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DPS: Hybrid learning to include minimum of 10 hours of face-to-face instruction

The deadline to select remote or in-person learning for middle and high school students was extended to Sept. 28.

DENVER — When older students return to schools for in-person learning in late October in the Denver Public School District (DPS), they'll receive at least 10 hours of face-to-face instruction per week as part of a hybrid learning model, according to an update Tuesday from the district.

Students in the sixth through 12th grades are also expected to begin in-person instruction on Oct. 21.

"Each school has very different circumstances," said DPS Superintendent Susana Cordova.

She noted the vast difference in sizes of schools across the district. She also said the number of students who selected in-person learning and teachers who requested accommodations varies from school to school.

"Our guidance to secondary schools for hybrid instruction will look different depending on what school your child attends," Cordova said. "Some schools are scheduling classes on an AM and a PM basis where students would go in the morning and not in the afternoon."

She said some schools are looking at two days of in-person instruction while other smaller schools might be able to offer more. Cordova said at the bare minimum, there would be at least 10 hours of face-to-face instruction as part of the hybrid model.

Teachers who requested accommodations will only be assigned to grade levels or subjects that they're licensed to teach, but may have to teach a grade level that they have not taught before or haven't taught previously. Cordova said the district is offering training and resources for those teachers.

Some staff might also be temporarily assigned to a different school for this year based on need.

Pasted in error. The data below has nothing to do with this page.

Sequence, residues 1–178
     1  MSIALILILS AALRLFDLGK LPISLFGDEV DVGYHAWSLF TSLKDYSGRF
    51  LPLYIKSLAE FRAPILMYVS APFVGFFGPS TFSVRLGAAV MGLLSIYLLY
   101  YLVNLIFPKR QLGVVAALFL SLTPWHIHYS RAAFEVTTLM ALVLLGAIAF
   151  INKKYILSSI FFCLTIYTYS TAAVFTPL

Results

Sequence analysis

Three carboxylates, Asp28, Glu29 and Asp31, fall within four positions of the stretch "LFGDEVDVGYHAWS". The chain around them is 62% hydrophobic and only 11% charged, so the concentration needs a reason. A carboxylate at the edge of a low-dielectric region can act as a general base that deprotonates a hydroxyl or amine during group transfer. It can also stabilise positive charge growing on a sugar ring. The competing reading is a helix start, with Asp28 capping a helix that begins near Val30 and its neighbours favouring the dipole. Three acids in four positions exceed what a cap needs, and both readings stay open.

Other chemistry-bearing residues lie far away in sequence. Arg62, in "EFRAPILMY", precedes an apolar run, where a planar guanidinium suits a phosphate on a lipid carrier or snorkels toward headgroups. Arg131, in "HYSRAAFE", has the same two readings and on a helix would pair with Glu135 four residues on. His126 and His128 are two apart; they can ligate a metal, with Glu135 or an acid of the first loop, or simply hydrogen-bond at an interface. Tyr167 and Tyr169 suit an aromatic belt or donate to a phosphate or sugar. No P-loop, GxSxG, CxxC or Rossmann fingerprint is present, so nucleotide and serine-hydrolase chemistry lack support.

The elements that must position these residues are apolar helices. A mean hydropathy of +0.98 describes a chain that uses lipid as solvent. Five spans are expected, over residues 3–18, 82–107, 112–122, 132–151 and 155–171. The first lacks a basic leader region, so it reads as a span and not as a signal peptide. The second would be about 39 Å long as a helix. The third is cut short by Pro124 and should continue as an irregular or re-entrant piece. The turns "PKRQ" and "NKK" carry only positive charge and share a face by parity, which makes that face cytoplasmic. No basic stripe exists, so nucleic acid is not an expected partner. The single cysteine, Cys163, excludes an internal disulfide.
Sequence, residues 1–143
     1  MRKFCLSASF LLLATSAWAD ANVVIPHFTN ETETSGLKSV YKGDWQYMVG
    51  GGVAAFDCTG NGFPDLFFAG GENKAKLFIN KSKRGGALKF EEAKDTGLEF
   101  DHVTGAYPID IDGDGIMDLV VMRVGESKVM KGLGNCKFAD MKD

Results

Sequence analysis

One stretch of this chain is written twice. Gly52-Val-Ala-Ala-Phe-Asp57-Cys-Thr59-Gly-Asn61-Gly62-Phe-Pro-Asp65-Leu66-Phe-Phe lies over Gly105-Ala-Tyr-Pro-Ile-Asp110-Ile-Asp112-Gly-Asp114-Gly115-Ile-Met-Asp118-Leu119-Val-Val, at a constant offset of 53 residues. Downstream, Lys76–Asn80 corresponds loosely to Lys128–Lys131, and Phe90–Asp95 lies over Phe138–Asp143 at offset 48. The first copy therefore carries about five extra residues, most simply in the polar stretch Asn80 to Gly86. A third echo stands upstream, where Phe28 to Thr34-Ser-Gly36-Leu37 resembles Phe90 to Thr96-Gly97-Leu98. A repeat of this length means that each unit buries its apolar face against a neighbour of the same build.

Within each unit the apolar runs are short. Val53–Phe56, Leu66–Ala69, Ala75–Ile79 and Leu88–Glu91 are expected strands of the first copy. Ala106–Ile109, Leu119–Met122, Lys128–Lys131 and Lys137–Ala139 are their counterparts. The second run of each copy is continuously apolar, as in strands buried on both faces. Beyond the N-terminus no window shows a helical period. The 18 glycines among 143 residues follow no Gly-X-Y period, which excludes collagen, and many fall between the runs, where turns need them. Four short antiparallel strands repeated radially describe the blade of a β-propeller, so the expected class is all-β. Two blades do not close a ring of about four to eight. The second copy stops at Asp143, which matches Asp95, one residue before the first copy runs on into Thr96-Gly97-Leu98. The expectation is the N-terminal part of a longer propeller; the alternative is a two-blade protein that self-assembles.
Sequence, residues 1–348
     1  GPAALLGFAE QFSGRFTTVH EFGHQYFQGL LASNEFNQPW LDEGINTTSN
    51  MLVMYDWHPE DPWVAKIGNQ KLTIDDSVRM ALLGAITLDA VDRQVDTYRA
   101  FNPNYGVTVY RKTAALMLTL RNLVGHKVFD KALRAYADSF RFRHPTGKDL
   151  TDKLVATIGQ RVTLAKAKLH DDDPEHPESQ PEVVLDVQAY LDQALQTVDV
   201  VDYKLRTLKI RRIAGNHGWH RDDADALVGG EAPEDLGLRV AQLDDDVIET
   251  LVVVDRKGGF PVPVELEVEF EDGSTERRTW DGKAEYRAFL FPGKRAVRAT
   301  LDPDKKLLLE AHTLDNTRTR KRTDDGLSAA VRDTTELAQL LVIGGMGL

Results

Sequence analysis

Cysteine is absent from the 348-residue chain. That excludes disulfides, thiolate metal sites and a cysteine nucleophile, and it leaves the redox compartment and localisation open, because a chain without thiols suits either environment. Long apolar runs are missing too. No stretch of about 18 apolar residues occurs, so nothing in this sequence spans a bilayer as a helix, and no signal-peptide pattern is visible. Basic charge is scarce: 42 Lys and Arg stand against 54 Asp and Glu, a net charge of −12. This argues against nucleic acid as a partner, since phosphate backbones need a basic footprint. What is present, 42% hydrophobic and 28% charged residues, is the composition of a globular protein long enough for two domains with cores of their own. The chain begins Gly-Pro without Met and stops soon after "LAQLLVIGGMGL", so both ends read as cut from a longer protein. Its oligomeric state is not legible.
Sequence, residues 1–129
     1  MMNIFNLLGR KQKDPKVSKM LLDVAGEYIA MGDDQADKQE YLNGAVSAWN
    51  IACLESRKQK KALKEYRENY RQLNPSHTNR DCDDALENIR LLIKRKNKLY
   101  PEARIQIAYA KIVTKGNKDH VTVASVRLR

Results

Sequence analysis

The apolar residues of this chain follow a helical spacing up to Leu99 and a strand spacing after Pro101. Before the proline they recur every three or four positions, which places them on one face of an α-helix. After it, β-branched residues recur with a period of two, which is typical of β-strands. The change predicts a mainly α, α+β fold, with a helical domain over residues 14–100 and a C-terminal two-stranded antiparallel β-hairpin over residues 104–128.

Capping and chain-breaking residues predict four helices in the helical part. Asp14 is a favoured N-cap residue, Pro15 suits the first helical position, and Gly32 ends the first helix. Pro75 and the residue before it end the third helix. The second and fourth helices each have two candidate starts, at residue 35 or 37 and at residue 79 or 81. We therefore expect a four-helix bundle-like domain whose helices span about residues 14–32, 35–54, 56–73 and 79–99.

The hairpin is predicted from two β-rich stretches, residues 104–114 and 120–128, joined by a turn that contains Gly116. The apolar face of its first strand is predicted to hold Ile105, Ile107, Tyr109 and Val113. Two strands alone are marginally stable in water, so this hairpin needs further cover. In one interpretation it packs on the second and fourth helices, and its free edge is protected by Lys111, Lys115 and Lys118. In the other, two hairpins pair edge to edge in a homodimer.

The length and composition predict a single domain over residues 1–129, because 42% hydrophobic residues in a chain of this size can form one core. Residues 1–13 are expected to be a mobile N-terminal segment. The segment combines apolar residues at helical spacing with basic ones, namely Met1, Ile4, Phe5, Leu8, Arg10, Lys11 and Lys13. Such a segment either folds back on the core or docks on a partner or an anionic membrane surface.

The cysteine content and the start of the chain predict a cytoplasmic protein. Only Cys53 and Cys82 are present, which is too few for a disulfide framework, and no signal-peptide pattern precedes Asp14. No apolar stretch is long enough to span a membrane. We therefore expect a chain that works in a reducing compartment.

Students have the option to continue with 100% online learning. The deadline for middle and high school families to choose between in-person and remote learning was extended until the end of the day on Monday, Sept. 28 (11.59 p.m.)  

DPS said it needs that information in order to plan schedules and staff. That decision is binding for the duration of the first semester (end of December) but could be revisited after that, according to DPS. 

If district officials do not receive a student’s preference by the deadline, that student will be automatically enrolled in the virtual program.

If a family’s situation changes, and they want to change their learning option during the first semester, families can connect with their school leader to find out if the school will be able to accommodate the request.

RELATED: Resolution will update Black, Indigenous, Latino history curriculum in K-12 classrooms in Denver

The district's youngest students are set to return to 100% in-person learning next week, with kindergarten students and some first graders beginning to phase into in-person learning between Sept. 28 and Oct. 2.

All first graders will phase in from Oct. 5-9. Plans will vary by school, and be distributed by individual principals. Students in second through fifth grade will return to full in-person learning on Oct. 21, which coincides with the beginning of the second quarter.

RELATED: Denver school board member calls for colleagues to return to in-person work along with students

Montbello campus high school

DPS also announced Tuesday that they're moving forward with plans to provide a comprehensive high school at the district’s Montbello campus. The district is also working to determine a plan for a feeder middle school.

Officials said the decision came after years of community feedback and said in 2017, DPS received a recommendation from the Far Northeast Commission to bring back a comprehensive high school to the campus. 

There has not been a high school there since Montbello High School closed in 2010. DPS said surveys found that most community members and school staff on the campus support the return of a comprehensive high school in Montbello.

They're now gathering information about what that space might look like and said depending on the outcome of a bond proposal in November, the district will either build a new facility or renovate the existing building.

“We’ve heard from many voices in the Montbello community,” Cordova said. “We want to bring back a comprehensive high school to the far northeast area, filling a gap that has been missing for almost a decade.”

The district will begin recruiting principals for the middle school and high school campuses in the winter of 2020-21. Planning for school design and overall vision will launch this spring and continue through the spring of 2022, with both the feeder middle school and comprehensive high school opening in the 2022-23 school year.

Click/tap here to learn about the Reimagine Montbello Campus project.

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